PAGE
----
The HSE should not stifle debate

Published: Anglo Celt; Wednesday, 28th July, 2010 5:00pm

The obstacles caused by the absence of the right of ‘qualified privilege’ at regional health forum meetings was brought into sharp focus at this week’s meeting in Kells. The media has qualified privilege to report on exchanges at meetings of certain bodies such as local authorities and VECs, and previously health boards, but this privilege was not extended to the new regional health forums.

In layman’s terms, the media is protected from defamation or libel actions in certain circumstances. For example, a fair and accurate report of Oireachtas or court proceedings is privileged. That is why we often hear the phrase on the Dáil floor: “I challenge you to repeat that outside the house” – the suggestion is that the statement would not stand up to scrutiny under normal circumstances and could be defamatory.

Qualified privilege, however, affords the media protection “subject to explanation or contradiction”. The publisher will lose the right of privilege if it fails to amend or clarify an erroneous statement.

The lack of qualified privilege for health forum meetings means, however, that elected representatives to the forum can’t speak freely and best represent the interests of their respective areas.

In the case of Virginia councillor Paddy O’Reilly, he was effectively muzzled at the meeting last Monday when he tried to get to the bottom of the number of bed closures at the Virginia Health Care Unit, in terms of how many beds the HSE originally said would be closing versus and how many will actually be closed.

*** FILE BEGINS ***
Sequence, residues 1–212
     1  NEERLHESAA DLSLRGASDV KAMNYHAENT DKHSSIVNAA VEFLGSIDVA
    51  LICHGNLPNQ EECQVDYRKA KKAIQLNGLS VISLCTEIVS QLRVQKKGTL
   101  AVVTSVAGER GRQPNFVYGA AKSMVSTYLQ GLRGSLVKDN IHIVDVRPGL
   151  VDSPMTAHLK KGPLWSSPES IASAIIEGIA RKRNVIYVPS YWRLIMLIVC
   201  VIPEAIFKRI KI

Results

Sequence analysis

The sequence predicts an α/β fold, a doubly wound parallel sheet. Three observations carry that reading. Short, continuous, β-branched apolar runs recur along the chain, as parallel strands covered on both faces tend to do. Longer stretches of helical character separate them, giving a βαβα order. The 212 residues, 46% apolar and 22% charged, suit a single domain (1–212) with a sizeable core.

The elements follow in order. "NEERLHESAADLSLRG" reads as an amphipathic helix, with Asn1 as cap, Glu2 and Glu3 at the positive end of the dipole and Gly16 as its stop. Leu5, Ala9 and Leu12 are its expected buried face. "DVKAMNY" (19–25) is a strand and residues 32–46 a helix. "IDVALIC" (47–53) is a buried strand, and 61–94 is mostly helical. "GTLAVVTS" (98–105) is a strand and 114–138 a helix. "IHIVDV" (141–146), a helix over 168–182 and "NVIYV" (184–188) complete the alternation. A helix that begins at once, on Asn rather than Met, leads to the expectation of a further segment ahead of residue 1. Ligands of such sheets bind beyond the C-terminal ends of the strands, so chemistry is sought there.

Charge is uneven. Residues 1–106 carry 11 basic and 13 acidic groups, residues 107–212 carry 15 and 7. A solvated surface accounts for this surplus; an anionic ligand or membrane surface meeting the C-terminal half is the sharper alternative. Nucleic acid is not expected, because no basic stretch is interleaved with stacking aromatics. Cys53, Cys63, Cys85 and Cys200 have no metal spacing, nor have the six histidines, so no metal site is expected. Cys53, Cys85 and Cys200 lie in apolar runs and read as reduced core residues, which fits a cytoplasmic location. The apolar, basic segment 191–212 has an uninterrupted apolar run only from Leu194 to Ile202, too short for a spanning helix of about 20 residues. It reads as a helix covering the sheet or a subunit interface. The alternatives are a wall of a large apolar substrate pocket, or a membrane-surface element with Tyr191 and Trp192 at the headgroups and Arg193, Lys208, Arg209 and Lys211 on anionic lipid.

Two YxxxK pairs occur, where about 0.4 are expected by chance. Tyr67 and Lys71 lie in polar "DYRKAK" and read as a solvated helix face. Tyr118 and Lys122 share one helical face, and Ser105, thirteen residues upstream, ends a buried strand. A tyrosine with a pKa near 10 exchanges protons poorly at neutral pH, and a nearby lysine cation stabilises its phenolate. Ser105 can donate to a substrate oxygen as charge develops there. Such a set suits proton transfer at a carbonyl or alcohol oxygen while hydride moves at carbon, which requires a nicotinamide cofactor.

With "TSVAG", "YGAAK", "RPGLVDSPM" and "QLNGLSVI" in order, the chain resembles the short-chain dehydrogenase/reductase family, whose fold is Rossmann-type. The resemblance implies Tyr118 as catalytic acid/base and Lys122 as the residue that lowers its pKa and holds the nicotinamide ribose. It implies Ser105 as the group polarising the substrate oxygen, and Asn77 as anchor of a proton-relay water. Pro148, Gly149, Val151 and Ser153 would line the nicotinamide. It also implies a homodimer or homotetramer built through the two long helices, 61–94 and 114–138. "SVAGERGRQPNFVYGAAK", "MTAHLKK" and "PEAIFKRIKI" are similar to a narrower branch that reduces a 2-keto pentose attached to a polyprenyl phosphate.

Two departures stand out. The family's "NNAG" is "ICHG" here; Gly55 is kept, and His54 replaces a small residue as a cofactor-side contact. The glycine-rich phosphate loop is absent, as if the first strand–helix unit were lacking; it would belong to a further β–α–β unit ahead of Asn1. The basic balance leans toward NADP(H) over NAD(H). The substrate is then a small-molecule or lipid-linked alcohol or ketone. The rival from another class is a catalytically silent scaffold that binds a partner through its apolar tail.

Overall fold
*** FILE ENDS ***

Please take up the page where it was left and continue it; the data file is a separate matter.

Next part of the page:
That a democratically elected public representative could be silenced in this way with the threat of legal action is preposterous. How is he supposed to represent the people of the Virginia area when he can’t speak honestly and freely in the public interest?

Ombudsman Emily O’Reilly earlier this month at the publication of her annual report, accused the HSE of being riddled with secrecy and acting at all times in self interest. She made the comments after encountering considerable difficulty accessing HSE records while investigating a number of complaints.

“It’s as if the HSE lives in a parallel universe,” she said, pointing out that others, including the Minister for Children and the government itself, had not been able to secure information from the HSE recently in relation to child deaths in care. “So there is something rotten within that system,” she said.

It seems that Ms O’Reilly’s comments may have some basis given that public representatives in Cootehill and the senior citizens committee are having difficulty getting a straight answer from the HSE about plans for the Darley Day Care Centre and whether its services are to be relocated or even continued. Members of Cootehill Town Council at their July monthly meeting accused the HSE of leaving them out of the loop on the issue (see page 4).

And it certainly seems that there is no accountability within the HSE – or at least this has something that has been dramatically diluted since the abolition of the old health boards, which were replaced with the four regional health forums in January 2006.

The forums were intended to allow public representatives liaise with the HSE on important health-related matters and health service provision in their respective areas. It’s clear now that’s not happening effectively or at least in a transparent way.

The government now needs to review how the entire system is working, and to ensure that all matters relating to the delivery of health services in this country are transparent and in the event of any difficulty or complaint, that there is accountability and redress.

The HSE is there to serve the public interest and that needs to be the focus of any review or restructuring.